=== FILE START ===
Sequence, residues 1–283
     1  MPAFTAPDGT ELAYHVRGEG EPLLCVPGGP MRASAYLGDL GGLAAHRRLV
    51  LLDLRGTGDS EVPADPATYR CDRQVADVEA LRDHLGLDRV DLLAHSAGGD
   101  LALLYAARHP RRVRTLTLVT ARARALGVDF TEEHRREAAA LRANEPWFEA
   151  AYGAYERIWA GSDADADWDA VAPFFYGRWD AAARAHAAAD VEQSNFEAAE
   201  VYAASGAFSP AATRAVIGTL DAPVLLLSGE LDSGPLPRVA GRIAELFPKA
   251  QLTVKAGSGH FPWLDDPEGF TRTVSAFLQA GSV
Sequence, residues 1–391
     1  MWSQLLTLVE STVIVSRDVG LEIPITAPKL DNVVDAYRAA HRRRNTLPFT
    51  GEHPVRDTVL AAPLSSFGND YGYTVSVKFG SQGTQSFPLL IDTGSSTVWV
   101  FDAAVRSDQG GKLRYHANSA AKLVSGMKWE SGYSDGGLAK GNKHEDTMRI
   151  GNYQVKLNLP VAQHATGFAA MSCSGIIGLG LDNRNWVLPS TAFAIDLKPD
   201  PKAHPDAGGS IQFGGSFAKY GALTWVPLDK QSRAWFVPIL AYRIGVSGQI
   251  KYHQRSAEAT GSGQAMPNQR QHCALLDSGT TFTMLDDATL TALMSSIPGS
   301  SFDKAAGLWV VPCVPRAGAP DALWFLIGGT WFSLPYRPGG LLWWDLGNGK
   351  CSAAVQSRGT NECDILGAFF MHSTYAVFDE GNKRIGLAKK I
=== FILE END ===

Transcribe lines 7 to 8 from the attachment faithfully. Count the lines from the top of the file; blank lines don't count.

   251  QLTVKAGSGH FPWLDDPEGF TRTVSAFLQA GSV
Sequence, residues 1–391